Re:They're Monopolies (1)

adamstew (909658) | about 2 months ago | (#47655169)

I would think that, since they are effective monopolies in the areas they serve, that their franchise agreements don't let them just ditch customers that are troublemaking. I know this is up to each individual municipality, but I would hope there would be conditions in there on who they have to serve and the reasons that are allowed for them to not serve someone.

Simple. (0)

Anonymous Coward | about 2 months ago | (#47654623)

Windows: Audacity with a device to plug into your phone line like this one at RadioShack 43-1237

Android: Some phones have this ability like the Samsung Galaxy S3 but it's disabled. For other phones, it's a crapshoot. Try CallRecorder http://forum.xda-developers.com/showthread.php?t=1441643

The first rule of fraud is... (3, Interesting)

fuzzyfuzzyfungus (1223518) | about 2 months ago | (#47654625)

Don't talk about your fraud on the record... It's not at all surprising that Comcast would do this, the fact that their alignment is apathetic/evil is well known; but it's pretty surprising how open they are about it.

Invoice fraud is a totally classic con; but it depends in part on knowing when not to push it. The target catches on and is angy; do you want to cause a scene and risk discovery or just offer an insincere apology, drop the issue, and move on to the next target? Especially given Comcast's current less-than-winning PR situation (you know it's bad when your cancellation procedure has an AOL guy driven to despair...) there is no way this call would be worth the risk, even if they'd made all the charges stick. Shut up, appease the noisy guy, and cram some befuddled old people or something.

I suspect that the odds of actually being charged are basically zero; but billing 'errors' made in very, very, questionable good faith start to look a lot like mail fraud if they aren't quite isolated incidents(especially given how added charges always seem to be more common than accidentally omitted charges).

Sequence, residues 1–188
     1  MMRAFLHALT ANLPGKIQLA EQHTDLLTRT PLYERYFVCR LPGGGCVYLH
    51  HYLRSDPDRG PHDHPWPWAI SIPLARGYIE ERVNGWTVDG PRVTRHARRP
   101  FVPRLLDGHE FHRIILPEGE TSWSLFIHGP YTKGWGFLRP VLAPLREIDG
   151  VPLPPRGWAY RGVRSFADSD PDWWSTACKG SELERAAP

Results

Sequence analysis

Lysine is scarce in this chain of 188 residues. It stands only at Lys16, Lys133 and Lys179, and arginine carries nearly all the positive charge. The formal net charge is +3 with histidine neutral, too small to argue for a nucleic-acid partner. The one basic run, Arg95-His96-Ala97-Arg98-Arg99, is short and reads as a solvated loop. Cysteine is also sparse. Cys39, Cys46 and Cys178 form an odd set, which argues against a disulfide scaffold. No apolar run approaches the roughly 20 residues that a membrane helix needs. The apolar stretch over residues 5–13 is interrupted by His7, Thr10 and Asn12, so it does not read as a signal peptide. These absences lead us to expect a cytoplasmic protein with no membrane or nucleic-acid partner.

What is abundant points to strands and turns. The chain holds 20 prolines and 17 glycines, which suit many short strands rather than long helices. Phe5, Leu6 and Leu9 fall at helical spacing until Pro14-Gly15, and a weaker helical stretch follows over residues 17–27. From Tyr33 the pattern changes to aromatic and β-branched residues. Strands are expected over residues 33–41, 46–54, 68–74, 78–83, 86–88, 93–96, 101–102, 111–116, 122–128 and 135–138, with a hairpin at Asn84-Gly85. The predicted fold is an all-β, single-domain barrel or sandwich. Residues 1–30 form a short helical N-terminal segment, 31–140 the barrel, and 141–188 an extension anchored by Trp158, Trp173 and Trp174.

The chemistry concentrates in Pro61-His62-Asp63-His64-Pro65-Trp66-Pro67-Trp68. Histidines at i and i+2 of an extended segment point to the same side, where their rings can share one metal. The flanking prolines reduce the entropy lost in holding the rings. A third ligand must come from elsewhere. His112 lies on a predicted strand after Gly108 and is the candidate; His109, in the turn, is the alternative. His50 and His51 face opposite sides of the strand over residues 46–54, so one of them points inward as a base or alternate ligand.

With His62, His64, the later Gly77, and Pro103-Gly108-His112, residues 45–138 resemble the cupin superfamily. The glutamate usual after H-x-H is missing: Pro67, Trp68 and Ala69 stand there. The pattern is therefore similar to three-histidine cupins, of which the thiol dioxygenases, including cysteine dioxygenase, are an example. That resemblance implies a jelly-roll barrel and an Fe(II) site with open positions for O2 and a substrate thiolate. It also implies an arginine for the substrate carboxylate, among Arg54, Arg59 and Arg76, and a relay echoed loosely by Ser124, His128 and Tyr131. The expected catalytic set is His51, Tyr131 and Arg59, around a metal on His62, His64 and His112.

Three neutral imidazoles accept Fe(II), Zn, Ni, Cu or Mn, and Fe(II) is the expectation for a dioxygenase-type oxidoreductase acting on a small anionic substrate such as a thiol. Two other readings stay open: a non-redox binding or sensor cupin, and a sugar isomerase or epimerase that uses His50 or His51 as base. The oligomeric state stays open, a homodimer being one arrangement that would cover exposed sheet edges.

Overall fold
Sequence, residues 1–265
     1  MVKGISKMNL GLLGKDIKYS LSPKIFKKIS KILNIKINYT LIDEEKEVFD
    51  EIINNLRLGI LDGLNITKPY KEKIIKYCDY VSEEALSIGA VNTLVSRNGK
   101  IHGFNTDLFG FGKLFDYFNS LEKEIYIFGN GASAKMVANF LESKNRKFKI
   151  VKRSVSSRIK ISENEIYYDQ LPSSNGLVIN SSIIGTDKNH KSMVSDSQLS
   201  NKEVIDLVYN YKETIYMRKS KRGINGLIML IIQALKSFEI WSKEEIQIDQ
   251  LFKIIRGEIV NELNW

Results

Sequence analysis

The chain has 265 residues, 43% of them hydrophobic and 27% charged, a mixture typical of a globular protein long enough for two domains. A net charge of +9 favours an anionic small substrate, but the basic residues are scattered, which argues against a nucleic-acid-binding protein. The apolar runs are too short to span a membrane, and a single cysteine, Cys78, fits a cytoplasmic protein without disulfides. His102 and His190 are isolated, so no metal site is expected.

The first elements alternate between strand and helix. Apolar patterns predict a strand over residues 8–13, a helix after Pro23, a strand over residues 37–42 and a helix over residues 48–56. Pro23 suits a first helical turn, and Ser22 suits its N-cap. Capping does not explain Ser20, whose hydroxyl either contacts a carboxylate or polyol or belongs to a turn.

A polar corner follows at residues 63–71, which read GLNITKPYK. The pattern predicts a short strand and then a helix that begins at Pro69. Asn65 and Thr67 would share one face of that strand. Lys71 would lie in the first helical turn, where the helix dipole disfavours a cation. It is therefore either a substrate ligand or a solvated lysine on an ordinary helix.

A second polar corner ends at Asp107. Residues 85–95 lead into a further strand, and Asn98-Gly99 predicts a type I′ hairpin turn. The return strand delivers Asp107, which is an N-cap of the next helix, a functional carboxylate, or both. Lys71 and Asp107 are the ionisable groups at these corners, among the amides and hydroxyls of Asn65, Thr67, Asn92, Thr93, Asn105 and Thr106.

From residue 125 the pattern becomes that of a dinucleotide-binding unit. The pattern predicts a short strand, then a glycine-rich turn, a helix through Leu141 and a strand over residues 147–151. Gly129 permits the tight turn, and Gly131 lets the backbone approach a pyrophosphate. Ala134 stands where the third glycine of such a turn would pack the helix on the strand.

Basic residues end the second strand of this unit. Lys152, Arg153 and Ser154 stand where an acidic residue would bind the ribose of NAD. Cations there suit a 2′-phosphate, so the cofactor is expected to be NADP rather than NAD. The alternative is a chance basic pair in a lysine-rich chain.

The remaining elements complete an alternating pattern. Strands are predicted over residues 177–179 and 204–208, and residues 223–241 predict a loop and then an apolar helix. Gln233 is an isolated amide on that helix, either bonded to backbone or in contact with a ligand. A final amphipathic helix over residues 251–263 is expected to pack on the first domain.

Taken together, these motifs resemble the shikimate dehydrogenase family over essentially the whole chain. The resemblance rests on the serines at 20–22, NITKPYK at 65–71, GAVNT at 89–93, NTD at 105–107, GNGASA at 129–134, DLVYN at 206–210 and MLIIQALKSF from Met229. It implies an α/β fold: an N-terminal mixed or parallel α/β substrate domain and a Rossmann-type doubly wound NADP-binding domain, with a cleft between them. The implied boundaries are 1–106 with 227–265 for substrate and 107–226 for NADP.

I have to record calls for a living... (5, Informative)

jddj (1085169) | about 2 months ago | (#47654629)

I do stakeholder and user interviews, and may not be able to predict what telephony equipment I'll find at a site.

I realize you're asking for a smartphone or VOIP app, but what I've come to rely on is the JK Audio QuickTap: http://www.jkaudio.com/quickta... [jkaudio.com] - it can record both sides from virtually ANY corded-handset phone. Sounds great, it's a passive device, so no batteries, no AC, it's little and comes with the adapters you need for a pocket recorder (like the Olympus recorder I use, but works with a PC/Mac input as well...).

This works nearly anyplace, and sounds great. Whatever you do, DO NOT try the Radio Shack device for cheap cheap that claims to do the same thing. The Radio Shack device has a little switch on it. Position 1 is "Suck", and Position 2 is "Suck Differently". You buy this thing and you've hosed yourself.

Full disc: I don't sell these, have no ownership, employment or other stake with JK Audio: they just make tools that work when I desperately need 'em to, and I love 'em.

No mention of reddit :-( (0)

Anonymous Coward | about 2 months ago | (#47654639)